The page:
It’s long been a debate that speech on college campuses should be or should not be censored. This debate is centered around colleges allowing offensive speakers onto campuses to pronounce their controversial views for everyone to hear. Some believe freedom of speech is a given right in every situation, yet some insist that college campuses are simply not the place for mixed views and speakers that can cause violence. Many times in the past, speakers have been met with violence and hatred by members of the college they were speaking at.
One of the major incidents including a college was at the University of Kansas, where then Professor David W. Guth tweeted a bitter tweet towards the NRA and their supporters. The tweet read, “The blood is on the hands of the #NRA. Next time, let it be YOUR sons and daughters”. David Guth was quickly suspended and later fired as the university found that it was a controversial tweet that did not support the universities values. There are many reasons why David Guth was relieved of his duties on the campus.
The Chancellor of the University of Kansas, Bernadette Gray-Little, informed the campus population of Guth’s suspension in the hopes to, “prevent disruptions to the learning environment for students, the School of Journalism and the university,” until the school could conduct a full investigation (Inside Higher Ed, 2013). This was in hopes that students would not protest and cause an uprising or riot on campus in support for David W. Guth.
The student body had mixed opinions on the matter, and high office voices from government and other valued individuals did not help the cause as they made their opinions heard on a large scale. Voices such as Kansas Senate Majority Leader, Terry Bruce, said he was “appalled” by Guth’s comments and believed David Guth should be fired. Peter Bonilla, director of Individual Rights Defense Program at F.I.R.E., said that his suspension raises concern on freedom of speech and due process (Inside Higher Ed, 2013).
Another large-scale disruption on a college campus came in 2017 when Milo Yiannopoulos spoke on the University of California, Berkeley. The whole week, known as “Free Speech Week”, had guest speakers scheduled for everyday of the week. The school was preparing to spend more than one million dollars on security and safety strategies. By the end of the week, only one speaker took the stage, as every other speaker had cancelled in fear of violent protests. The only speaker to take the stage was Milo Yiannopoulos, a gay, right-wing speaker. However, while he did take the stage, protesters were so loud that many could not hear much of anything he had said.
The whole afternoon was a violent event that could have left many injured if it had escalated earlier. There is no room for these types of disruptions on college campuses as it is a place to learn, not to attack. As TIME Magazine states, “Having the University become a political battleground sometimes makes it seem like the place is “uninhabitable for students”” (TIME Magazine, 2017). Both right and left activists showed that day on campus and many believed it was going to escalate into something violent.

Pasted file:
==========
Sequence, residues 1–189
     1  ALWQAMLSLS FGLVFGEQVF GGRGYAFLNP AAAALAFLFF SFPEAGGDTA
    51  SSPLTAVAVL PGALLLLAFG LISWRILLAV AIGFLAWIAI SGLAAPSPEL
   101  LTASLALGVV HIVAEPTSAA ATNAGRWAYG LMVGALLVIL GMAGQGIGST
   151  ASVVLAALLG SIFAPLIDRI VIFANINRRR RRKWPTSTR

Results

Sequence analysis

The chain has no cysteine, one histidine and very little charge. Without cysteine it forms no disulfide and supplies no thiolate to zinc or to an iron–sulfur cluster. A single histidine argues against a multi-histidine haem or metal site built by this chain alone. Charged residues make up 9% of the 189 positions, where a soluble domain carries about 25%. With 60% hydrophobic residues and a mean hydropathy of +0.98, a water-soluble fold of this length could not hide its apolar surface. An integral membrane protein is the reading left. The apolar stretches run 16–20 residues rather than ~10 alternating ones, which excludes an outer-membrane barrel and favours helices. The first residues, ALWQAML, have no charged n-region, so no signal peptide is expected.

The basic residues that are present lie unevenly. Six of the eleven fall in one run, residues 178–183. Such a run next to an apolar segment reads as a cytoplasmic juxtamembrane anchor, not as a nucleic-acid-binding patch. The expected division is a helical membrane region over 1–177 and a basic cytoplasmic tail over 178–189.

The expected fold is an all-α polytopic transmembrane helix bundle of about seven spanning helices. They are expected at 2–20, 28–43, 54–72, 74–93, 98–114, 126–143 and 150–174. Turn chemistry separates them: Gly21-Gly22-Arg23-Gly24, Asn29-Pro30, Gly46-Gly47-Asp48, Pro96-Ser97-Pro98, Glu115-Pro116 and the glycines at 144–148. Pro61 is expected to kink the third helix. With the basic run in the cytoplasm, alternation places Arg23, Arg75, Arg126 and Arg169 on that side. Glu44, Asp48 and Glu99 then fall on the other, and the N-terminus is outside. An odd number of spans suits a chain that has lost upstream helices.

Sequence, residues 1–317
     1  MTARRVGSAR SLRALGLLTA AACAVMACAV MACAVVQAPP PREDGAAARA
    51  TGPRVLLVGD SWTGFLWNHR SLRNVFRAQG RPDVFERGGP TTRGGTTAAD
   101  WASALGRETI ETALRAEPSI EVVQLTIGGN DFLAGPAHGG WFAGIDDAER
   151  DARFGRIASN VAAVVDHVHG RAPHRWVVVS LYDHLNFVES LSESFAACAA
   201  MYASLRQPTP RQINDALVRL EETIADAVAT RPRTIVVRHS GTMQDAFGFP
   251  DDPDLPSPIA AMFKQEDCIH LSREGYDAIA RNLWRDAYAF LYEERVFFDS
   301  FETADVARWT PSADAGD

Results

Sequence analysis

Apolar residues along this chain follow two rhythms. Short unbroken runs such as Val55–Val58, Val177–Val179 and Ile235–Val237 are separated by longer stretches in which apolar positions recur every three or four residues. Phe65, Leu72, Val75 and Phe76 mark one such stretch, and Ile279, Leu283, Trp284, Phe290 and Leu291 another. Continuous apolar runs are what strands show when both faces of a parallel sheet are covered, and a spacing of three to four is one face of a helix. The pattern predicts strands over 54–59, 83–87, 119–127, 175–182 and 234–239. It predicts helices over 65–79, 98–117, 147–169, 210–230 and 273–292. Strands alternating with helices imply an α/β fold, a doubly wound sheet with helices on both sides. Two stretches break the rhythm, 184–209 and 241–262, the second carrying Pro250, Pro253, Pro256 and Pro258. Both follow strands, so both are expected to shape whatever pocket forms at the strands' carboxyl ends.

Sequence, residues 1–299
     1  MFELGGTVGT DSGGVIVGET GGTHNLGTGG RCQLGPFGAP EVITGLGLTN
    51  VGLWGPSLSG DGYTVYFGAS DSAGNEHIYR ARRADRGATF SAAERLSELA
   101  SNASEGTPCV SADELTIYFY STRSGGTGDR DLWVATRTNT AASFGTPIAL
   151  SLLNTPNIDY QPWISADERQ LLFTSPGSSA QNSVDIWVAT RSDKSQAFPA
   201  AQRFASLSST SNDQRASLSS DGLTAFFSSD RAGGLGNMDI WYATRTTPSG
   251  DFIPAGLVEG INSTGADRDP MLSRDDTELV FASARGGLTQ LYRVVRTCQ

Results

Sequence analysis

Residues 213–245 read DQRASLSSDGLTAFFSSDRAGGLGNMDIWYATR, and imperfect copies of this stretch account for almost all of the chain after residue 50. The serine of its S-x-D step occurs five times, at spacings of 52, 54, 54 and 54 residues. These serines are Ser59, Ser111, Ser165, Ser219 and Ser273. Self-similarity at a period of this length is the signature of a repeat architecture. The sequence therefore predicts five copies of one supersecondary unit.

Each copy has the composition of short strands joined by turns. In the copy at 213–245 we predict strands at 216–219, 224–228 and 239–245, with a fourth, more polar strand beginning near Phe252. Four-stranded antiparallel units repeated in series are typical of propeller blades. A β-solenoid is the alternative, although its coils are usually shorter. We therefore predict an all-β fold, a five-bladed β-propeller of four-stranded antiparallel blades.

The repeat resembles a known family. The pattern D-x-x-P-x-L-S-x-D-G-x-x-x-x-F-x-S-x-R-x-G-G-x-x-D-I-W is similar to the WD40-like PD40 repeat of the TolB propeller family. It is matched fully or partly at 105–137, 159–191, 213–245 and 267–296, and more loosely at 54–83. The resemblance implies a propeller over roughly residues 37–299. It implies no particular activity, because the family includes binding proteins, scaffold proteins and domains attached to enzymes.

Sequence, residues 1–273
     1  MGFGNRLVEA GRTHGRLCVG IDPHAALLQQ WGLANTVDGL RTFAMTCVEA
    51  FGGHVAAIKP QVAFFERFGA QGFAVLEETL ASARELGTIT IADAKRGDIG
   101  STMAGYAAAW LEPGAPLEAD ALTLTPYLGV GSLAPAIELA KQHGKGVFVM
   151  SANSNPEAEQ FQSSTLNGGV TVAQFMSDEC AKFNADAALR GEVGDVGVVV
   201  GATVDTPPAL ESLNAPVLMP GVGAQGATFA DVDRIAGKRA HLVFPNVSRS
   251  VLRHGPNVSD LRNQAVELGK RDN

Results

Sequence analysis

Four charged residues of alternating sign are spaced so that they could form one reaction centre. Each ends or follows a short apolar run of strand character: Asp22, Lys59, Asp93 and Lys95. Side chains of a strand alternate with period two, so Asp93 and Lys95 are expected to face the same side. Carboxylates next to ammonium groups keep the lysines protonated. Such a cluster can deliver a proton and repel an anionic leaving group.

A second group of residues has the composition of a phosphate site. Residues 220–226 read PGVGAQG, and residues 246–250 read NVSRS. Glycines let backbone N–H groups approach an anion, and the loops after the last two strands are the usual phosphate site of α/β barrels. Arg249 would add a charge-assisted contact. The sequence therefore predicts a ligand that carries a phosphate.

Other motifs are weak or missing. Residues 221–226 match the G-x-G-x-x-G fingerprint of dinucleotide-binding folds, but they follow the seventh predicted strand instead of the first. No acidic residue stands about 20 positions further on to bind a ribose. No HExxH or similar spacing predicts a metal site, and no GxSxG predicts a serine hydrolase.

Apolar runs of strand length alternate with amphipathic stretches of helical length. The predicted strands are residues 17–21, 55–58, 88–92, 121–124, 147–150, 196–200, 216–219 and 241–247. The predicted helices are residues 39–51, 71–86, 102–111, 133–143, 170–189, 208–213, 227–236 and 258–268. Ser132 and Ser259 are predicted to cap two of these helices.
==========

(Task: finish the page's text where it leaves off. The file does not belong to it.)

Freedom of Speech is a given right in the United States Constitution; however, I do believe colleges should have the authority to reject speakers that could cause a disruption on campus. Students pay unbelievable amounts of money to attend colleges and universities and should not have to be distracted by protesters of speakers that they didn’t even invite to the campus. The demonstrations can block roads and cause delays making getting to class almost impossible when you’re even slightly late.
I understand that most colleges are public, which means they are funded by the government, but the government should take the student’s and faculty’s safety into consideration when inviting speakers. In today’s time group, such as Antifa, don’t care about any human that does not agree with them. Documentaries and undercover agents have infiltrated these groups and exposed their dangerous tactics. Many branches of Antifa have been recorded spreading illegally acquired weapons and explosives to use against right-wing supporters.
Ultimately, forcing colleges to invite speakers is nonsense as proof of violence on other campuses has been seen by millions. Not to mention, relations on and around campuses can be permanently damaged by conflicting viewpoints. I, myself, have had to cut friendships off as we did not see eye to eye on many things. I feel that a college is even worse as students have to work together as the years pass, and their grades depend on it. Also, professors have full control on how our grades move and a corrupt professor has the power to fail a student.
Sooner, rather than later, some seriously violent event will lash out on a college campus in result of controversial speakers. I’m afraid it will be as serious as the event at, “Charlie Hebdo,” a satirical left-wing magazine based in Paris, France. The magazine spent most of its time ridiculing Islam and its beliefs. That is, until, January 7th, 2015 when two frenchmen attacked the magazine’s offices. As “I Am Not Charlie Hebdo,” says they, “burst into the magazine’s offices, declared themselves members of Al Qaeda in Yemen, shot to death 11 people” (Brooks, 82).
On that day alone, 11 people were shot to death and many more were injured because a magazine had the right to speak what they wanted, and a group did not like it. This event would have been even more of a massacre on a college campus with larger crowds and more protestors. In my opinion, college campuses are just not the sites for controversial speakers. They are a place of education and prosperity. This is where our future is made and it should be a place of peace.